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Re: Awkward Sub placement options
« Reply #16 on: January 02, 2020, 03:29:35 pm »

Cardioid sub deployment has a couple of requirements in order to work well. With two subs it technically should have higher degrees of cancellation, but that cancellation occurs at a 45* angle from the face of the stack. The direction of that cancellation is dependent upon which side the rear-facing sub is placed. While doing a stacked cardioid sub-array would seem to solve that problem, it does not. Keep in mind that if you have the 45* cancellation going upwards, the primary amount of energy will bounce off the floor rendering your hard work useless. To make a vertically stacked cardioid array work well with only two subs, you have to have the 45* angle of cancellation point down from the back of your stack. This reduces the floor bounce ( to the degree that it can ) and shoots the energy more upwards towards the listeners. As with all sub-arrays, there is nothing without compromise.
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Tim McCulloch

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Re: Awkward Sub placement options
« Reply #17 on: January 02, 2020, 04:02:51 pm »

Cardioid sub deployment has a couple of requirements in order to work well. With two subs it technically should have higher degrees of cancellation, but that cancellation occurs at a 45* angle from the face of the stack. The direction of that cancellation is dependent upon which side the rear-facing sub is placed. While doing a stacked cardioid sub-array would seem to solve that problem, it does not. Keep in mind that if you have the 45* cancellation going upwards, the primary amount of energy will bounce off the floor rendering your hard work useless. To make a vertically stacked cardioid array work well with only two subs, you have to have the 45* angle of cancellation point down from the back of your stack. This reduces the floor bounce ( to the degree that it can ) and shoots the energy more upwards towards the listeners. As with all sub-arrays, there is nothing without compromise.

After the first source, every additional source of sound can simultaneously help a little in one place and make it worse somewhere else.  It's picking where those 2 things occur.  I've put some really crappy sound in the middle of a aisle and the folks seated on either side got good audio, but you wouldn't think so as you went to your seat.

As for reversed box, polarity flipped and delayed cardioid deployments, I vastly prefer my subs standing on end, block of 3, with the center box reversed.  You get identical floor bounce and boundary mirroring that way.  If I have to go horizontal, I want the bottom box be the reversed sub.  Depending on how it sounds I may shade down the reversed sub a bit (not over -3dB) and take a little less cancellation at center tuning.  This issue is the way the forward facing subs couple, and the time of flight difference.  I think Merlijn Van Veen has some really great articles and a couple of videos about this.

Edit PS:  I went looking for the Merlijn article and can't find it, perhaps it was Timo Beckman?
« Last Edit: January 02, 2020, 04:16:14 pm by Tim McCulloch »
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Ivan Beaver

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Re: Awkward Sub placement options
« Reply #18 on: January 02, 2020, 07:15:10 pm »

I guess I fall into one of those who are hung up on the power alley thing. I just prefer a more even sounding sub-content as I move around the venue.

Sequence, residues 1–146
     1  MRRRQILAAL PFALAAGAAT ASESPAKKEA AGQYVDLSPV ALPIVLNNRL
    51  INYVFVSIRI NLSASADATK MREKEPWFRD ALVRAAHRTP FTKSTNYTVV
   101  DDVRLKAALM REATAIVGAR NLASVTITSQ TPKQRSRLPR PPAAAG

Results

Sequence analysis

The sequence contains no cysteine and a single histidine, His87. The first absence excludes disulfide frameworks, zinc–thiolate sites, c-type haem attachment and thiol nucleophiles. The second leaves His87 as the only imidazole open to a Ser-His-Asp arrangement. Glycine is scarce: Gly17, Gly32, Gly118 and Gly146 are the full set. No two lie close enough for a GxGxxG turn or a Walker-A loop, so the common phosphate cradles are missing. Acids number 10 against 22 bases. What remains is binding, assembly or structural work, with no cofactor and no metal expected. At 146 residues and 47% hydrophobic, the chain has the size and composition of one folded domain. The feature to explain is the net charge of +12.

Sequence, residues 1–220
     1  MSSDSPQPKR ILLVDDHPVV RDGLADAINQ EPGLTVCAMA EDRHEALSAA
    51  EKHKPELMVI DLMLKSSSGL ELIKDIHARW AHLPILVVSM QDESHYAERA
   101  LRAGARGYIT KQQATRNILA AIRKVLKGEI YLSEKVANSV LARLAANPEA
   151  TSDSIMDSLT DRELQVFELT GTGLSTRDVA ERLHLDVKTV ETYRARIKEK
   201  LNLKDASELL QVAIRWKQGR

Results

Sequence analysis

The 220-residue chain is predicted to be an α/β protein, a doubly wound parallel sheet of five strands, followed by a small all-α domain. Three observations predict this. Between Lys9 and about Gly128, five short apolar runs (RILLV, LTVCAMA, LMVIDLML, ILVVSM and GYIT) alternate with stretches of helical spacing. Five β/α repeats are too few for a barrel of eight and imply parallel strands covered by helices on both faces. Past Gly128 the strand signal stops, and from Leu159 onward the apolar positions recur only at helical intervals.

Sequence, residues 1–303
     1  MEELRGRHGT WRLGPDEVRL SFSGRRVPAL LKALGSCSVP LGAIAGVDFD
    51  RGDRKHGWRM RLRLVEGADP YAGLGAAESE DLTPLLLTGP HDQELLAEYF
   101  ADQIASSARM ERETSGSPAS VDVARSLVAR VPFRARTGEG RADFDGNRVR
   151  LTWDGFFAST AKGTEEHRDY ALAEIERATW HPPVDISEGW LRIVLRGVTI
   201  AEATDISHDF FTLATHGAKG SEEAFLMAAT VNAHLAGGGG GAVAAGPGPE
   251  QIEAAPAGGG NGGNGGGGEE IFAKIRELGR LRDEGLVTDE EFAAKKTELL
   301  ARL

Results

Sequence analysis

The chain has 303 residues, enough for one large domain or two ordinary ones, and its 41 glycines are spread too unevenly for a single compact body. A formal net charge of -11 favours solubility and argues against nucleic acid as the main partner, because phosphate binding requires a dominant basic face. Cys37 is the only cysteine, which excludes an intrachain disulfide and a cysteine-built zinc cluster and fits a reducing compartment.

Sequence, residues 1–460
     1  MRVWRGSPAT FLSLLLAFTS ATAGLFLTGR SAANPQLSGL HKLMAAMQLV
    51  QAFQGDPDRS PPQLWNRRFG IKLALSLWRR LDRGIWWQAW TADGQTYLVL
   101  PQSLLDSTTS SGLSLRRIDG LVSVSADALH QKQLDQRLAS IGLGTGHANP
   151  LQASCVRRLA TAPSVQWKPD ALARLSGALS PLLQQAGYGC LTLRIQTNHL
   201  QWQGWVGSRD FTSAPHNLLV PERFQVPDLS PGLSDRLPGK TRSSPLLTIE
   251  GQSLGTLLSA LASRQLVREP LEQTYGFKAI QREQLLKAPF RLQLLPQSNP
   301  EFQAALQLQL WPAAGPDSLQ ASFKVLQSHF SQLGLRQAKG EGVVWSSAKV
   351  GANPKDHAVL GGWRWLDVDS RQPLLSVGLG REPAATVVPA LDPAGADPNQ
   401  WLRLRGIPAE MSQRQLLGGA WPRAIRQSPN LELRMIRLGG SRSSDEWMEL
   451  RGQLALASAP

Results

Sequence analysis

The problem is that unless you are in a VERY LARGE room, the ROOM will be the dominating factor.  It is called room modes, which are based on the physical dimensions of the room.

Try this little test sometime.  Just use a single sub for best effect.

Put a pure tone in, say 60Hz.  Not loud, but enough to be heard.  Now walk around the room.  You will find places that are much louder and quieter than others.  Make a not of those spots, specifically the dead ones.

Now choose another freq, that does not have a easy submultiple of the first tone.  Say 49Hz. or 79 Hz.

Now walk around again, and you will see that the hot spots and quiet spots have moved around.

So what are you going to do to get "even sub coverage".  Don't EVEN think about touching an EQ.

Short of tearing down the walls and ceiling, not much you can do.  The closest thing you can do is to put the sub in a corner so that you will excite more room modes.  But usually a corner is not near the front of the stage, so there is that to consider.

But let's go outside, while subs in the center may not have the cancellations of L/R subs, there are more issues to consider.  First of all is all of the energy on the stage.  Next it depends on what you call "even coverage".  The people in the center will be much louder than those off to the sides.  that is not "even" if you ask me.  You may not have the finger lobes, but you do have very different SPL levels, and the same SPL is what I call "even coverage"
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Luke Geis

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Re: Awkward Sub placement options
« Reply #19 on: January 02, 2020, 08:52:04 pm »

So in short, it's a lose lose deal. Fingering ( comb filtering ) is not even, and SPL that is slightly off is not even, so neither wins. Front fills can be used to reduce disparity in SPL in the middle in either situation, so none is the leader there either. And because the zone of highest coupling occurs in the center with stereo deployed subs ( ala power alley ) you have again uneven SPL if no front fills are used for the near field listeners.

It's 6 to one 12 the other with subs. Which deployment has the least compromise given the situation is the one to go with. I am agnostic to deployment type, I just don't settle on stereo deployment as being what is a standard.
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Re: Awkward Sub placement options
« Reply #19 on: January 02, 2020, 08:52:04 pm »